Traditional pharmaceutical development is a slow, costly process. The long delay from research to market makes it hard for start-ups to enter the market, and the cost of discovering potential therapies and testing them can discourage companies from researching therapies for rare diseases. Recursion Pharmaceuticals sees opportunities to accelerate this process by using machine learning, especially neural networks and representational learning.
“Recursion’s goal as a company, broadly, is to use artificial intelligence methods to accelerate and change the entire pipeline of the drug discovery process,” explains Ron Alfa, senior vice president of translational discovery at Recursion.
This is done through a machine learning pipeline that runs on Google Kubernetes Engine deployed both in Google Cloud and on-prem that Recursion uses to run hundreds of thousands of experiments every week.
The first step in the process is to isolate parts of cells and manipulate them in different ways and take measurements and images of the cell components and individual cells before and after the manipulation. “We can manipulate cells in hundreds of thousands of different ways and probe their biology by looking at their responses using algorithms,” Alfa explains. This, he says, allows Recursion to quickly see how cells are responding to different types of changes, molcules or potential drugs without having to understand why the cell is responding in that way.
Recursion uses the open-source CellProfiler to measure the cells and cell component images. “At the end of the day we get back measurements at the individual cell level,” explains Ben Mabey, vice president of engineering at Recursion. “Those measurements then become feature vectors that get piped into our machine learning algorithms.”
From there, Recursion then uses one of two approaches. The first one is a more traditional artificial-intelligence-powered analysis. The second one is to use convolutional neural networks for representational learning. This creates a network where the more “similar” cells are to each other, based on certain measurements or features, the closer together they are in the network. One of the most common applications of this technique is facial recognition—what Recursion does is like facial recognition for cells.
“We’ve found that machine learning algorithms can detect things that humans going through images one by one just can’t,” Mabey explains.
“One of the big challenges we have is we have petabytes worth of data that we need to process and train on,” Mabey says — not an uncommon problem for any machine learning application. At first, Recursion handled this with on-prem GPU clusters, but increasingly the company has been moving its machine learning to Google Cloud. A major rationale was to take advantage of tensor processing units (TPU), which Google developed and first released in 2016. TPUs are application-specific integrated circuits that are designed specifically for neural network machine learning.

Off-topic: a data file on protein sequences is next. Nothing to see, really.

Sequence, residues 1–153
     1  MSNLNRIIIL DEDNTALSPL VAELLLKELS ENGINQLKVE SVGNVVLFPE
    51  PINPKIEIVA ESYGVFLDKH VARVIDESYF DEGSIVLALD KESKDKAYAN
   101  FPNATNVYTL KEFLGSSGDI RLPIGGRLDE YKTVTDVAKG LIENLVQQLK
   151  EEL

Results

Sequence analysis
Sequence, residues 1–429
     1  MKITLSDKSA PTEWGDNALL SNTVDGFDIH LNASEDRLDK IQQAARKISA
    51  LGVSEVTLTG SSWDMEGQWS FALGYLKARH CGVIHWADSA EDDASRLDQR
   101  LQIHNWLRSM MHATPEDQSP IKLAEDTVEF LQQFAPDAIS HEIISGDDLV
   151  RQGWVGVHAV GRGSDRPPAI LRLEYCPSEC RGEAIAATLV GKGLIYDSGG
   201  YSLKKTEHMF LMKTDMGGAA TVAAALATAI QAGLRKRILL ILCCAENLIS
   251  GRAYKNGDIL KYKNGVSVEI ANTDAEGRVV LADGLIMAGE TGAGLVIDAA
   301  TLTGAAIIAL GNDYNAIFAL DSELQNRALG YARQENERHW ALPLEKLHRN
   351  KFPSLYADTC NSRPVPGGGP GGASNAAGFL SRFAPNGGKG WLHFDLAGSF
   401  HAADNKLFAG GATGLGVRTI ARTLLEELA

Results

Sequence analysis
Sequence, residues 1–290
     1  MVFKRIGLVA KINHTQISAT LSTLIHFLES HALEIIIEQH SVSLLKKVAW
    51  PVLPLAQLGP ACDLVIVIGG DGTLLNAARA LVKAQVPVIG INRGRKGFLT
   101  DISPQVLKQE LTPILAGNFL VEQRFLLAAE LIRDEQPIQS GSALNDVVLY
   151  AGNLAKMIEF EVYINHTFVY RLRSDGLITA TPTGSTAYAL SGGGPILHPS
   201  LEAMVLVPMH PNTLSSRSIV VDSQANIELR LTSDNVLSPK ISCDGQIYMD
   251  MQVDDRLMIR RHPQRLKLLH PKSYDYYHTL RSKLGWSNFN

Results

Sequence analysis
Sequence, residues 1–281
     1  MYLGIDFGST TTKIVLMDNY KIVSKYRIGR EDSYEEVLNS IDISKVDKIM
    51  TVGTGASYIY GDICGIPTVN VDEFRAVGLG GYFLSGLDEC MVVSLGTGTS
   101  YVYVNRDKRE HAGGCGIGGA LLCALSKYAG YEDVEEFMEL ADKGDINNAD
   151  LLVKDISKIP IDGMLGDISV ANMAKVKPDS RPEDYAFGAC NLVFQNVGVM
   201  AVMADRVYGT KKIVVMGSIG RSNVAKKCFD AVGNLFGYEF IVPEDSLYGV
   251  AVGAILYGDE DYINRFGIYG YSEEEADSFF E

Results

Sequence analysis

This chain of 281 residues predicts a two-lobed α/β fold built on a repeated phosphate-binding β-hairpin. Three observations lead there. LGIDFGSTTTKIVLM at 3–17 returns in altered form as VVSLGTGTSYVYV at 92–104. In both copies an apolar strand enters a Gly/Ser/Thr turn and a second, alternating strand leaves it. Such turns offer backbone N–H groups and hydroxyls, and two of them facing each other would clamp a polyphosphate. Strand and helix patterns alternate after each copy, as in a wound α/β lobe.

“TPUs right now are exclusive to Tensorflow, so right now the majority of our research and deep learning is on Tensorflow,” Mabey says, adding that he expects Recursion will stick with using TensorFlow for most research and deep learning in the future.
All of the clusters are orchestrated using Kafka Streams on top of the Google Kubernetes Engine, regardless of whether the experiment is running in the cloud or on-prem. “All the bookkeeping of if we’re done with an experiment, that all gets handled in Kafka Streams,” Mabey says. “It abstracts away all of the complexities. With Kafka Streams, if something breaks, it just picks up right where it left off. We can write distributed applications without having to worry about all the typical worries that engineers at Confluent have already dealt with.”
In addition to the usual machine-learning challenges, one of the challenges Recursion is trying to solve is cultural / organizational. “One of the things that makes us really unique, especially in the biotech space, is that we’re very collaborative and cross-function in our teams,” Mabey says. “Our data scientists are working side-by-side with our software engineers and our biologists.”
This creates technical challenges, too — and technical solutions. “In some stacks, you’ll see engineers taking data scientists’ work in Python and recoding it in Java. I don’t think that’s the right call,” Mabey says. “We want to give data scientists the flexibility to use the tools they want. We’ve done that by leveraging Kubernetes. As long as you can package it up in a container, you can distribute it and our production pipeline can run it.”
In the future, Recursion will also likely start using Kubeflow to operationalize the training and model building, Mabey says. The ability to easily spin up Jupyter Notebooks with Kubeflow and create training jobs on the Tensorflow Processing Unit (TPU) with a few lines of YAML using GKE has the potential to dramatically simplify the process of setting up the distributed training models Recursion relies on.
Recursion’s business model involves turning a biological problem into a machine-learning problem, and leveraging a cross-functional team of software engineers, data scientists and biologists to do so. The technology stack they use is designed to bridge the gaps in workflow and methodology between data science and software engineering while using artificial intelligence to see subtle changes in cell features that humans would miss. At the moment, the company has two drugs — both for relatively rare brain-related diseases — that are currently in clinical trials.
Image by rawpixel from Pixabay.